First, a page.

More recently it has been discussed the role of mental experiments in the development of physics and quantum mechanics , for example, through the Schrödinger Cat experiment. Likewise, the importance of mental experiments in the philosophy of language and the philosophy of the mind has been discussed, for example, with Searle's Chinese room or philosophical zombies.

1. The Schrödinger cat

With this experiment, Schrödinger exposes how some principles of quantum theory clash with our most basic intuitions. It consists of the following: a cat is locked in a steel chamber , along with a counter that has a very small amount of radioactive substance.

There is a 50% chance that in one hour, one of the atoms will decompose and poison the cat. Also, there is a 50% chance that none of the atoms will decompose, which will keep the cat alive. Then, the most logical thing is that if we open the steel box an hour later, we will find the cat alive or dead.

However, and this is what Schrödinger exposes as a paradox, following some principles of quantum mechanics, after an hour the cat would be alive and dead at the same time. At least before opening the box, since for the mechanics the states overlap until the moment when an outside observer comes into play (It is this observer who modifies the states of things).

This experiment has gone through very different and complex explanations, but very roughly it has served to explain the counterintuitive nature of quantum mechanics.

2. The Chinese room

With this experiment, the philosopher John Searle questioned the possibility of creating artificial intelligence that is not only capable of imitating the human mind, but actually reproduces it .

The hypothetical situation he posed was to imagine that an English-speaking person, who does not understand Chinese, enters a room where he is provided with a written instruction in English to manipulate some Chinese symbols with a certain order. Under this order, the symbols express a message in Chinese.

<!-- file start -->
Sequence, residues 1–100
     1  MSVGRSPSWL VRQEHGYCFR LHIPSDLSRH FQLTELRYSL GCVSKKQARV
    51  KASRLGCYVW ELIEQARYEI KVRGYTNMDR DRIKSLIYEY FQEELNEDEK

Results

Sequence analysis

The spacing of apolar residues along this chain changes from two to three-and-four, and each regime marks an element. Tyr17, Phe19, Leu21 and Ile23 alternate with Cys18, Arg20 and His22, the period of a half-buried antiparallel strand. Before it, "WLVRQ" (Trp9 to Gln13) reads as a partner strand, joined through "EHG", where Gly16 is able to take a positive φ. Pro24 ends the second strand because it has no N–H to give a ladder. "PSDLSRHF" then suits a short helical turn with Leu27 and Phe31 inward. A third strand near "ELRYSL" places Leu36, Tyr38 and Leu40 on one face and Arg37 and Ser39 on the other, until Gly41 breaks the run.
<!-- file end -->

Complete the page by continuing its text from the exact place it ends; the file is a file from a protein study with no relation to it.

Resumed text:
If, after manipulating them, he hands them over to an outside observer, he would probably think that the English-speaking person who does not understand Chinese does understand Chinese, even if he does not. For Searle, this is how the operating systems of computers work (imitate the understanding but without reaching it).

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3. Philosophical zombies

Philosophical zombies are a widespread concept in philosophy and whose background we can trace in many theories. However, it was David Chalmers who proposed the following thought experiment: if there was a world exactly like ours, but instead of being inhabited by human beings, it is inhabited by zombies, those zombies (which are physically identical to us) they will still not be able to reproduce the human mind .

The reason: they have no subjective experiences (qualia). For example, although they can scream, they do not experience joy or anger, so Chalmers proposes that the mind can not be explained only in physical terms (as physicalism proposes).

Bibliographic references:

  • Stanford Encyclopedia of Philosophy (2014). Thought Experiments. Retrieved May 3, 2018. Available at //plato.stanford.edu/entries/thought-experiment/
  • Gilbert, J. & Reiner, M. (2010). Thought experiments in science education: potential and current realization. International Journal of Science Education, 22 (3): 263-283.
  • Oliva, J. (2008). What professional knowledge should we have science teachers about the use of analogies. Eureka Journal Teaching and Dissemination of Sciences. 5 (1): 15-28.

10 Psychological Experiments You Would Never Believe Happened (June 2024).